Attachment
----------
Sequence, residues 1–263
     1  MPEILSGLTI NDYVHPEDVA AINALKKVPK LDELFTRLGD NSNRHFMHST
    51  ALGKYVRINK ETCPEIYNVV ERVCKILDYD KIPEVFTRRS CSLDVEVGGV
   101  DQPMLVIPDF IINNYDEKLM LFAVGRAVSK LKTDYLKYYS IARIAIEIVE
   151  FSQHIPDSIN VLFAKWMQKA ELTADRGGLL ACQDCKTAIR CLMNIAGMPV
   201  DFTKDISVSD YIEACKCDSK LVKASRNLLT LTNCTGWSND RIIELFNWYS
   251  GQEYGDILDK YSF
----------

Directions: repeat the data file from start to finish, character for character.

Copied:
Sequence, residues 1–263
     1  MPEILSGLTI NDYVHPEDVA AINALKKVPK LDELFTRLGD NSNRHFMHST
    51  ALGKYVRINK ETCPEIYNVV ERVCKILDYD KIPEVFTRRS CSLDVEVGGV
   101  DQPMLVIPDF IINNYDEKLM LFAVGRAVSK LKTDYLKYYS IARIAIEIVE
   151  FSQHIPDSIN VLFAKWMQKA ELTADRGGLL ACQDCKTAIR CLMNIAGMPV
   201  DFTKDISVSD YIEACKCDSK LVKASRNLLT LTNCTGWSND RIIELFNWYS
   251  GQEYGDILDK YSF